There will always be those who will continue to hire privately. However, I believe it is because many are not aware of the serious implications of doing so. I hope this article helps those individuals to at least make an informed decision when hiring outside help for the home. For further information regarding Employment of Domestic workers, please refer to California Civil Code Section 1812.501 and Unemployment Insurance Code Section 687.2.

 

Constant Companions Home Care has a blog!

September 2, 2009

My name is Gabriela F. Brown and I am the CEO of Constant Companions Home Care.

Our company provides non-medical personal care assistance to individuals who cannot care for themselves any longer. Our goal is help our clients maintain independence in their own homes and communities for as long as possible. Most people do better if allowed to stay in their own homes. With a little assistance, we make that possible. Many times all it takes is a daily 4 hour visit. The caregivers will check that medications are checked, meals are prepared and have been eaten and that the home continues to be clean and clutter free.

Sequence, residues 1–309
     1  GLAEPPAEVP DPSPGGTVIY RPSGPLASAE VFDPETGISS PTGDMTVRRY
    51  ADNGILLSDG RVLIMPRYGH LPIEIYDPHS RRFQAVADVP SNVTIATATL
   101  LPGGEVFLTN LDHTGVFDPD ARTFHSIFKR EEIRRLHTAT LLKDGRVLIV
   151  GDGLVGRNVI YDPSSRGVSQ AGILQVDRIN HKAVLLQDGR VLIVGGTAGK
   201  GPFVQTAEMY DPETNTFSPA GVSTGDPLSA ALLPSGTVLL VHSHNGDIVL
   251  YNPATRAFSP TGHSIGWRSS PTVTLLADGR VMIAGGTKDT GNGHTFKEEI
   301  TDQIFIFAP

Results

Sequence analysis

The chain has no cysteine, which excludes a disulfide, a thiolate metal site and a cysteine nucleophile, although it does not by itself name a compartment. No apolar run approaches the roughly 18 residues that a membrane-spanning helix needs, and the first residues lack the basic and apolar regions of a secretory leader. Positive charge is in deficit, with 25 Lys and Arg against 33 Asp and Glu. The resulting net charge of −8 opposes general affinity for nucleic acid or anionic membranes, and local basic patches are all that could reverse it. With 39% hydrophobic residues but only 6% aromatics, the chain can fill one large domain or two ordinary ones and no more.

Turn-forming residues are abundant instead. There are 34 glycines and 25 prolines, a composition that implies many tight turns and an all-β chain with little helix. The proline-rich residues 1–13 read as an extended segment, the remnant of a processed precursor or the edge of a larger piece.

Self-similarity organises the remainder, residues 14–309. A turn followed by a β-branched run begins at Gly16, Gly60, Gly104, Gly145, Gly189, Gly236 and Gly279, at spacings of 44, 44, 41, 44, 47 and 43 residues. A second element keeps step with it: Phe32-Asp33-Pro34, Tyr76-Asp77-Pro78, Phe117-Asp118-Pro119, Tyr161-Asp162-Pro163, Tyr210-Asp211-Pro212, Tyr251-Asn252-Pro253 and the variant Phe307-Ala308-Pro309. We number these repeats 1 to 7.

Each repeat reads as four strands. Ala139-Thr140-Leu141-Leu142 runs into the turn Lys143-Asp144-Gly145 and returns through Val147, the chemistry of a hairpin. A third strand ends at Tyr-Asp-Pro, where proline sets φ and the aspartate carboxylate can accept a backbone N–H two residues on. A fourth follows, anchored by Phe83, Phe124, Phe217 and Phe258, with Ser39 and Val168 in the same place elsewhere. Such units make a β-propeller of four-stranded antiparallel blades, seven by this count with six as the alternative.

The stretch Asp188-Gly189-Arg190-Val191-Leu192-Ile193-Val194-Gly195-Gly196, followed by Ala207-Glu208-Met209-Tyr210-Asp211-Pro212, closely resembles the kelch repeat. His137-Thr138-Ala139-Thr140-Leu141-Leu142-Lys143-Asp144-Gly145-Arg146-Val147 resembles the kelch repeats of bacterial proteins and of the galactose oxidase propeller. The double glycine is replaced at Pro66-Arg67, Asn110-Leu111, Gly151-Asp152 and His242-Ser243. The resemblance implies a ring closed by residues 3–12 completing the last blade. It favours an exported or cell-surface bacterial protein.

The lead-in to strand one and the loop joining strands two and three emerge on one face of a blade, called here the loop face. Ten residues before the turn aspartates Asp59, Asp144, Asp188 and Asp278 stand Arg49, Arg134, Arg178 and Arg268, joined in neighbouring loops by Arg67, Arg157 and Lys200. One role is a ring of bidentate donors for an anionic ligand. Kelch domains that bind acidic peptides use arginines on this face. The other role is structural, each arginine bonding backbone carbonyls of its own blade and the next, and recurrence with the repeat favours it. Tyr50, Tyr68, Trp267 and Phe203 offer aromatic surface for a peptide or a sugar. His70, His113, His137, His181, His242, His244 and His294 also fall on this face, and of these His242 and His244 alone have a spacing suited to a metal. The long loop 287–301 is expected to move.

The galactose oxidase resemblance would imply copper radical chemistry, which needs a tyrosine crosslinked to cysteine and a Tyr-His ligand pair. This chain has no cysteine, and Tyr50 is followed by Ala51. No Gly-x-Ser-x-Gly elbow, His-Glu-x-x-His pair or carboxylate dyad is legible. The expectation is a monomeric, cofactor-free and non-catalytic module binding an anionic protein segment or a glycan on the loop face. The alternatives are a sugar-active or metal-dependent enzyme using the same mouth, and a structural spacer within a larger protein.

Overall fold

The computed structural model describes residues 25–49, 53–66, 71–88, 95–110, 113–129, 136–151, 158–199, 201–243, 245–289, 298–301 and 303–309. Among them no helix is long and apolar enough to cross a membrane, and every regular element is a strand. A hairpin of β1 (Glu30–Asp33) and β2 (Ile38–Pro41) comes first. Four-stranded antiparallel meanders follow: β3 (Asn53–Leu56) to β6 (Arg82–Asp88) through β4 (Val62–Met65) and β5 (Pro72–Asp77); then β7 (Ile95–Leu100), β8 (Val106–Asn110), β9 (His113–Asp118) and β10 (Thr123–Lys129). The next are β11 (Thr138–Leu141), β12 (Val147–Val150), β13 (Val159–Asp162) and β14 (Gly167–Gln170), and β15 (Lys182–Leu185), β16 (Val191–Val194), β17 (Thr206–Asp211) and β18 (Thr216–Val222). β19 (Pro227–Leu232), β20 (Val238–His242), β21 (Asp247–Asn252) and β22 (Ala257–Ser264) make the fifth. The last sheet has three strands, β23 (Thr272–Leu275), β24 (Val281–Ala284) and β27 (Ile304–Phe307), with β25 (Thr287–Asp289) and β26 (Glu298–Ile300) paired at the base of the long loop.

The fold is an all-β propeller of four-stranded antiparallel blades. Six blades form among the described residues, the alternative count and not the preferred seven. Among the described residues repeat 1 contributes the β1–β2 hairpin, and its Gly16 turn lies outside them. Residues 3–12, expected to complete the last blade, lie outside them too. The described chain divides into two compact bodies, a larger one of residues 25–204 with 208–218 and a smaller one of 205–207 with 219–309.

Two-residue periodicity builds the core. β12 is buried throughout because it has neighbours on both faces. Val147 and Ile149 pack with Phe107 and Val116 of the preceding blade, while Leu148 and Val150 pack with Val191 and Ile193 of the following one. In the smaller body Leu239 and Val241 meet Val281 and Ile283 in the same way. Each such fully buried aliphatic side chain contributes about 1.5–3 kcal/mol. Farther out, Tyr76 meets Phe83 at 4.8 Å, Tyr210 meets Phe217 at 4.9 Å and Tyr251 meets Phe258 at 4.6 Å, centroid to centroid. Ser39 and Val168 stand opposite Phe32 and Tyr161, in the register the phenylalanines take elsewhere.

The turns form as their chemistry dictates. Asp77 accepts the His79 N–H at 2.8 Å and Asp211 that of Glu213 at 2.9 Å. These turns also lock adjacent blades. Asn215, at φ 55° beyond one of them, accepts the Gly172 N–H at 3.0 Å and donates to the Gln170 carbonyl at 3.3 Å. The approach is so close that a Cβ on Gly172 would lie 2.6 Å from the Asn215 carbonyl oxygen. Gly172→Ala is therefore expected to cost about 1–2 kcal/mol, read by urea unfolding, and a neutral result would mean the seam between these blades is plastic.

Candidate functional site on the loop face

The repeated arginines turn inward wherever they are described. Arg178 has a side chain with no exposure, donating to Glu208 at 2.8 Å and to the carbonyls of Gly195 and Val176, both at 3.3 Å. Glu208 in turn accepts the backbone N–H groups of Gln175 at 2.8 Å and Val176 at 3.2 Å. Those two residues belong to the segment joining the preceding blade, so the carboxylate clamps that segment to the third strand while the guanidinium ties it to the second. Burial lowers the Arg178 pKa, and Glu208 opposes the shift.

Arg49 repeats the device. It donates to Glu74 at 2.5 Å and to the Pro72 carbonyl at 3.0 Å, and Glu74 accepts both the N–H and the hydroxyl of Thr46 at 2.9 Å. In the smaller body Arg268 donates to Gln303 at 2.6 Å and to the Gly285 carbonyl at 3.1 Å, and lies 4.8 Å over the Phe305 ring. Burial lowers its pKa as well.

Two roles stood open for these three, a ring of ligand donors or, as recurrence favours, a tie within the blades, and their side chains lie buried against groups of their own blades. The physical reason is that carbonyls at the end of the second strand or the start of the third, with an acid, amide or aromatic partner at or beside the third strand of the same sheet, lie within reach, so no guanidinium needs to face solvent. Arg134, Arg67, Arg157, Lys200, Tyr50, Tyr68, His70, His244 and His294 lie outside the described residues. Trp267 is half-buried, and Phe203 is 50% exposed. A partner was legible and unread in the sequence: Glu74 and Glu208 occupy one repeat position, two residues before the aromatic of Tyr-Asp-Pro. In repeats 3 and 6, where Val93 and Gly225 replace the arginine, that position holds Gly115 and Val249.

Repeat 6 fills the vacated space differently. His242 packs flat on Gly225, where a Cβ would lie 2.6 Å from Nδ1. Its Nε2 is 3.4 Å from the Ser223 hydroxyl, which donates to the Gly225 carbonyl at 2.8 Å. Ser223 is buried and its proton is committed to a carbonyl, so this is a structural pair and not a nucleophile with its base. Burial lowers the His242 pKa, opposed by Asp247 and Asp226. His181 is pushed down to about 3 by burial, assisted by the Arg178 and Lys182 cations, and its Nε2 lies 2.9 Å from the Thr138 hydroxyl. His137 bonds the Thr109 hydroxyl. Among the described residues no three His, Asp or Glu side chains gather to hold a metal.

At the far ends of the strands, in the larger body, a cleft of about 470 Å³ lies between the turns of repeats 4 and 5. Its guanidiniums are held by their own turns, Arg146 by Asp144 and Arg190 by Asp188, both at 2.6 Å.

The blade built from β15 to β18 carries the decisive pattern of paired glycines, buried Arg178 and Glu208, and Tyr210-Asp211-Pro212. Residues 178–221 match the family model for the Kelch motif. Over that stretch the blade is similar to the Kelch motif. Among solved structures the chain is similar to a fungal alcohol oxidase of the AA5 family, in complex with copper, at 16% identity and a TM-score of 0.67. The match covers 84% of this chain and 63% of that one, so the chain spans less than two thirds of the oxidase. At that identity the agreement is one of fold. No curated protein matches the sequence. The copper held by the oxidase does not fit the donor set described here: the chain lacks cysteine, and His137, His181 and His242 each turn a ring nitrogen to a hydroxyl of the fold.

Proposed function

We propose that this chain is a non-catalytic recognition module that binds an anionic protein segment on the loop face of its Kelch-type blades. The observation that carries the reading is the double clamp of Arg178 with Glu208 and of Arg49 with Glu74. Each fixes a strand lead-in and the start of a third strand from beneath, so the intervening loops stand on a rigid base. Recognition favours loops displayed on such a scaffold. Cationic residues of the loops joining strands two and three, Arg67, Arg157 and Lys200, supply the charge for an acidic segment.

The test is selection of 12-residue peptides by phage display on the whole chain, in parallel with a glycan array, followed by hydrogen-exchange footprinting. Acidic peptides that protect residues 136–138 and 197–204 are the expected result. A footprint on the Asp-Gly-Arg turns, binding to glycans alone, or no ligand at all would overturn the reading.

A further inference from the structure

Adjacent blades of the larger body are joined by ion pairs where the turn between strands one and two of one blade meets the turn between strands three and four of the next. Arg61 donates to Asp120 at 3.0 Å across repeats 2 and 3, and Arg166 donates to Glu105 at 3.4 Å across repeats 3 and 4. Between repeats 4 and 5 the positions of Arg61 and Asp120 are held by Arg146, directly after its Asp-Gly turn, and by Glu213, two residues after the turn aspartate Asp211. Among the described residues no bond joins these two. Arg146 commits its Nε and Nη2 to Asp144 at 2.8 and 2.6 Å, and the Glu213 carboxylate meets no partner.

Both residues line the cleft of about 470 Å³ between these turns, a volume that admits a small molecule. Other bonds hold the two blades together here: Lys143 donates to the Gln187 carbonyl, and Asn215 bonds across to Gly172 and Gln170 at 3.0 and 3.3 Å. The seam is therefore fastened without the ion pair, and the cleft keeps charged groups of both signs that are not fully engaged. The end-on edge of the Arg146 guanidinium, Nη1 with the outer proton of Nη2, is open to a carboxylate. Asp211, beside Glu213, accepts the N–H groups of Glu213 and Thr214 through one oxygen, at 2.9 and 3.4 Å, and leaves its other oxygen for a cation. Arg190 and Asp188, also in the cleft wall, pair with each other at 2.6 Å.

I started this blog to get the word out about Constant Companions. I have over 20 years of experience with the elderly and their families and I have lots to share. I know that if people know what I am about and how I run my business, they will choose us over any of our competition. Additionally, I love to educate and share my knowledge with people who are in the middle of difficult life transitions. Whether you are a friend, child or spouse of someone who has suddenly taken a turn for the worse, it can be frightening. On top of which you now have to navigate unfamiliar waters and usually very quickly. Due to my 20+ years, I can help decipher it all for you or I can direct you to another professional who can.

Welcome to Constant Companion’s Blog

July 8, 2009

We are happy to provide you with the latest updates on important information regarding your loved ones.

Please feel free to contact us with any questions and be sure to visit frequently for valuable insight.

You can also subscribe to our blog and be notified of our latest updates. Simply click on the ‘Blog Info’ link in the upper right hand corner and scroll to ‘Subscribe to Blog’.

Thank you.

With care,

Constant Companions